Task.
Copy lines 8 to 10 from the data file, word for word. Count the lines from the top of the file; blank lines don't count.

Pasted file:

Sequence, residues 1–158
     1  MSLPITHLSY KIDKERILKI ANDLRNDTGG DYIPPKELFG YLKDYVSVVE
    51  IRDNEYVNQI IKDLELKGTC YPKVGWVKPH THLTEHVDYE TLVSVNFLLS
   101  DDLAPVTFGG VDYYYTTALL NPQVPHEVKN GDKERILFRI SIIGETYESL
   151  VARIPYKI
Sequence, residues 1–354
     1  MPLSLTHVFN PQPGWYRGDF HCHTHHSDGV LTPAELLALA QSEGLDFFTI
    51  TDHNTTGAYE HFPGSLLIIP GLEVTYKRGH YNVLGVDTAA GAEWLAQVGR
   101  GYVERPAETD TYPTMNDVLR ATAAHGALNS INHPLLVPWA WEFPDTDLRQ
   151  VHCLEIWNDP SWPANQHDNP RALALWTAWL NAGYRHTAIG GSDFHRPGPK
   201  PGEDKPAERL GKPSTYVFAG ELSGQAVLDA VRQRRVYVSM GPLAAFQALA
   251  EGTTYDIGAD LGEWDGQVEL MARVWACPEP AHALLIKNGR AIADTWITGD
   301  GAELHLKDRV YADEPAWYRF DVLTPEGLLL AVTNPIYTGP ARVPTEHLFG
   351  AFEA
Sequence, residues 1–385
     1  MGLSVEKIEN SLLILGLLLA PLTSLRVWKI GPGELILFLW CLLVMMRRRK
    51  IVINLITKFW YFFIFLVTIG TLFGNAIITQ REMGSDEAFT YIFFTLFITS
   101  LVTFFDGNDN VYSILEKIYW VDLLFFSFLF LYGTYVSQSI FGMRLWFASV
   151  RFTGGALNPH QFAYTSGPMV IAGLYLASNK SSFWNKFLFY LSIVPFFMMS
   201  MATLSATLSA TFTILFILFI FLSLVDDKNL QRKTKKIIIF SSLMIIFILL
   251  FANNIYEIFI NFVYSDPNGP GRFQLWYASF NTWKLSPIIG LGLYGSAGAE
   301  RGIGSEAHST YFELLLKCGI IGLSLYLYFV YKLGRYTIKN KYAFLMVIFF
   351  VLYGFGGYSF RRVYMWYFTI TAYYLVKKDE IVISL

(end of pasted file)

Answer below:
    51  TDHNTTGAYE HFPGSLLIIP GLEVTYKRGH YNVLGVDTAA GAEWLAQVGR
   101  GYVERPAETD TYPTMNDVLR ATAAHGALNS INHPLLVPWA WEFPDTDLRQ
   151  VHCLEIWNDP SWPANQHDNP RALALWTAWL NAGYRHTAIG GSDFHRPGPK